Directed by Chris Marker
Running time: 28 minutes
I saw this film first in the 60's and it continues to haunt me. The realisation of time and space as axial co-ordinates and the impossibility of the translation of human life to another planet which allows only time as a means of escape is its thesis. A meditation on time told in sills ( with only one brief moving frame itself at the threshold of sleep and wakefulness) :this is a collage held together by narrative, a multilayered soundtrack and stark black and white photography, this is a movie about memory, love and hope in the context of distopia.
Antony Gormley 2013
La Jetée (1962) is possibly the most well known of French artist and director Chris Marker's films. A science-fiction mini-feature, it is constructed almost entirely of black and white still photos combined with only a brief 35mm movie shot, collaged together as a fast-paced montage. In the words of the film's narrator, La Jetée is the story of “a man marked by an image from his childhood”. Davos Hanich is 'the man', a prisoner in Paris in the aftermath of World War III who is used as a guinea pig by scientists experimenting with time travel. Hanich is sent back to his childhood and forward into the future, in the desperate quest for meaning and memory in the aftermath of the apocalypse. Lasting 28 minutes and exemplifying the uncompromising and elliptical nature of Marker's work, the film has inspired generations of filmmakers including Terry Gilliam who borrowed several themes from it for his blockbuster movie 12 Monkeys (1995).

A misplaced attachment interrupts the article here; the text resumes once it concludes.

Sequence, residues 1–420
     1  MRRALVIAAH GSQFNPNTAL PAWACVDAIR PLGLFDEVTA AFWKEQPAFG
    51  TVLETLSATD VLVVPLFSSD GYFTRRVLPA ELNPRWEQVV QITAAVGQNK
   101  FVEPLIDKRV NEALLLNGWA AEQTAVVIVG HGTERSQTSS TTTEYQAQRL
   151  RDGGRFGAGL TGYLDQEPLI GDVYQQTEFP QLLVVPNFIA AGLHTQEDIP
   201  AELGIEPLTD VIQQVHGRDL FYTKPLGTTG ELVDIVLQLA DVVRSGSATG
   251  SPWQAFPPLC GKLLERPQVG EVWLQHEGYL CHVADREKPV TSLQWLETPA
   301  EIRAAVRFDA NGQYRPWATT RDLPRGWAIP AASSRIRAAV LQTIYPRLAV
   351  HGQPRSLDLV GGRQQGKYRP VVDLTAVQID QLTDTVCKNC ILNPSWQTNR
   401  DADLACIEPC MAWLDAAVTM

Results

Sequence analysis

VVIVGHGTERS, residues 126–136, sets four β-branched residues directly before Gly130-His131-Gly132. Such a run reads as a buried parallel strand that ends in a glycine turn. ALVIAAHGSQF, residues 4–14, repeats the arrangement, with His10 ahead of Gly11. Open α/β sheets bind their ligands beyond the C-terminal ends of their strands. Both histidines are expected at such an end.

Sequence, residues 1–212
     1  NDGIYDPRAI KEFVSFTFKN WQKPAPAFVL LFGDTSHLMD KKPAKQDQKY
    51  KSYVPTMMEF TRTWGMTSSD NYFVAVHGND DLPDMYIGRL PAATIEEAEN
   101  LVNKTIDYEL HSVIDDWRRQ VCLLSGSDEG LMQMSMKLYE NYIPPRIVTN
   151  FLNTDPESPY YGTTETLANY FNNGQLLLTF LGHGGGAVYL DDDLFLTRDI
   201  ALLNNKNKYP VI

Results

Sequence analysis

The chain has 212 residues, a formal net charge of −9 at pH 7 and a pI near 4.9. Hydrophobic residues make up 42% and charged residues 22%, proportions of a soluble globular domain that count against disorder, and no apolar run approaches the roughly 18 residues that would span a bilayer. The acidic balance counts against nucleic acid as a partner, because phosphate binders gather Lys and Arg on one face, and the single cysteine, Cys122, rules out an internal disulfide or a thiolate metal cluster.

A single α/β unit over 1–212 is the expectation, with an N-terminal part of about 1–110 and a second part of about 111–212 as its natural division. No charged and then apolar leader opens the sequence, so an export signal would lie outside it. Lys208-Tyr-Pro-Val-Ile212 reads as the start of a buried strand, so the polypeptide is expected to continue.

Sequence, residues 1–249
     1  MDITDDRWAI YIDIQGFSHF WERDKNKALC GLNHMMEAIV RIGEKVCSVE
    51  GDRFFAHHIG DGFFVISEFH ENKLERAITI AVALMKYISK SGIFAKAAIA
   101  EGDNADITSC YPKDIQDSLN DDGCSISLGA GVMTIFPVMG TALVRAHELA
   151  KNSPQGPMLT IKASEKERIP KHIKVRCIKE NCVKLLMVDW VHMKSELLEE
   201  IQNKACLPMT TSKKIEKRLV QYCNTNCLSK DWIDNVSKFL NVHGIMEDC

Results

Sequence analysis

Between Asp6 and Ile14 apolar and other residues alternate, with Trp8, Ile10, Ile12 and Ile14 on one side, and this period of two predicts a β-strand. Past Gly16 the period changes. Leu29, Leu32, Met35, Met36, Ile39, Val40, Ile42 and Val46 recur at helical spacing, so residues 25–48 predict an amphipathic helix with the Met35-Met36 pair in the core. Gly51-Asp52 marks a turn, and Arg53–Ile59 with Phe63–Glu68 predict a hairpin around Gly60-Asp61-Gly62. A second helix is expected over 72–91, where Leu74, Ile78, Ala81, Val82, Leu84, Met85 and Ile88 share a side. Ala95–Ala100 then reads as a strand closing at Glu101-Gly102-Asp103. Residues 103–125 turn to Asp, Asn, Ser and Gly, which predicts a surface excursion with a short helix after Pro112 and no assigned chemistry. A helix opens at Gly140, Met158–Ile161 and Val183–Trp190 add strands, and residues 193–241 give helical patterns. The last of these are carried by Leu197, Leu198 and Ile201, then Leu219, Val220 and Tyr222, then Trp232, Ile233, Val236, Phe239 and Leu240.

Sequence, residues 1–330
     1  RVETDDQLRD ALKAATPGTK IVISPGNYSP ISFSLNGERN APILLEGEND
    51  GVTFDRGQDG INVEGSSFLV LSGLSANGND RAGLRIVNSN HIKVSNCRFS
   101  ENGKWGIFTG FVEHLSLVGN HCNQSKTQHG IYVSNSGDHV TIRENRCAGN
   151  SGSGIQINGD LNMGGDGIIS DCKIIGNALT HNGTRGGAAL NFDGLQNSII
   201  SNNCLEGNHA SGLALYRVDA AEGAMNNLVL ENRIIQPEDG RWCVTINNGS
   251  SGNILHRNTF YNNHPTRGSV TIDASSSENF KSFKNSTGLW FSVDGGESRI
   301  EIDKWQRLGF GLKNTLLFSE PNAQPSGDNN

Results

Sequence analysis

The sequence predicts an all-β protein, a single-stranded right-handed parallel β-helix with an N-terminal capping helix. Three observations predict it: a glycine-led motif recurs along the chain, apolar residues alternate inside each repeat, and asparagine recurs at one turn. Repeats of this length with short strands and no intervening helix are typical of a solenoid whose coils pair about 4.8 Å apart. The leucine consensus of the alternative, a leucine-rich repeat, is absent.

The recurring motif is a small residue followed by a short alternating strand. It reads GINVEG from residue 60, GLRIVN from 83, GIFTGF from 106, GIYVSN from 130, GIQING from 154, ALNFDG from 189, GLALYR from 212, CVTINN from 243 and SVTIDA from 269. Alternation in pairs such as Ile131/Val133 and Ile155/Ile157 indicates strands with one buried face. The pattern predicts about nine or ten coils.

Reservation is not necessary, but places are limited. Please arrive early to avoid disappointment.